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Debunking These 3 Common Mortgage Myths

Debunking These 3 Common Mortgage Myths

posted in Mortgage News

Mortgages need not be complex and intimidating, especially if you work with a local mortgage broker, but it is important to have a basic understanding of how they work, and perhaps more importantly, how they don’t work.

Misunderstanding your mortgage options or making an error of judgement when choosing a lender, could end up costing you dearly, as can listening to some of the myths that abound when it comes to mortgages and how they work. Below, we debunk 3 of the most commonly believed mortgage myths to help you get to grips with your mortgage options:

  1. 1. Only if you’re a first-time buyer, can you make a 5% down payment

    Once upon a time, this was the case, and only those buying a home for the first time, were eligible to make a 5% down payment on a property; all other buyers were required to put down at least 10%. Nowadays, however, a down payment of 5% is available to anyone seeking to buy a primary or second residence in Canada.

    It’s important to note that with a down payment of less than 20%, you’ll be required to purchase mortgage default insurance, and this is then added to the balance of the mortgage. This additional charge aside, there’s no reason why you can’t make a down payment of 5% when you purchase a home, in fact, it can enable you to use the proceeds from the of your current home, to pay down debt and begin afresh with a new mortgage on your next home.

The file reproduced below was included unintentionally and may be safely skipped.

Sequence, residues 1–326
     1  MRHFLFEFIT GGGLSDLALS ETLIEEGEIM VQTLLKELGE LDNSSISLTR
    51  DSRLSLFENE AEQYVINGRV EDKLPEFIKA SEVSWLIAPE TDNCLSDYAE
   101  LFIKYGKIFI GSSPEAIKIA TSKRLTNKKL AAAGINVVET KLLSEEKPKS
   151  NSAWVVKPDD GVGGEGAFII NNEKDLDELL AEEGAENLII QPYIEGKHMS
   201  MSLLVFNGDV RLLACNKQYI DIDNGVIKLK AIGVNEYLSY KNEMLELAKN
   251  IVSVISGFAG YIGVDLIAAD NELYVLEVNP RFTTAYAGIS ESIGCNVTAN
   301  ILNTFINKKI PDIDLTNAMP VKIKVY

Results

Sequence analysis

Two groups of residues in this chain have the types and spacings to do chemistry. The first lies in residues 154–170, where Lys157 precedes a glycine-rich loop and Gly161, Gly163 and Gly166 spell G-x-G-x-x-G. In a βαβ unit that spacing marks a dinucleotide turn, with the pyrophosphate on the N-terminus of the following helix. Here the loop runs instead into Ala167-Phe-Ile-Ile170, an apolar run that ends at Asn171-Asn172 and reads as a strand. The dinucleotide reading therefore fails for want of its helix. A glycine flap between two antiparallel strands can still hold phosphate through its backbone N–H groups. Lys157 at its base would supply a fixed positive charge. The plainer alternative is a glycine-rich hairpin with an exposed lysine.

2. 2. If you’re self-employed, you won’t qualify for a mortgage

    This is partially true: if you’ve been self-employed for less than two years and don’t claim enough income on your personal taxes, you won’t qualify for a mortgage. However, once you can show that you’ve been legitimately self-employed and claiming income on your taxes, you’ll be eligible for a mortgage and treated no differently by lenders as someone on a salary at the same income amount.

    If you’re self-employed and file your taxes and claim the income, you shouldn’t encounter any difficulties applying for a mortgage. If in doubt about your circumstances or status, talk to a qualified mortgage broker in your area.

  3. 3. Avoid mortgage insurance by waiting until you have a 20% down payment

    This may be a viable option for some homebuyers, but in a lot of cases, if they’re not paying a mortgage, they’re paying a figure out in rent each month, and this kind of expense is lost forever. Purchasing a home with a smaller down payment (less than 20%) and paying the mortgage default insurance premium, gives you the chance to start paying toward equity in the home, and depending upon the condition of the real estate market, also allows equity to appreciate in the home.

    Waiting until you’ve got enough for a 20% down payment could see you miss out on an opportunity to become a homeowner with a higher net worth than those who don’t own their own home.

When it comes to something as significant as a mortgage, it’s essential that you get the facts, not the myths, and one way of ensuring that you do, is to work with an experienced mortgage broker in your locality.


Mortgage News

14 dDec, 2021

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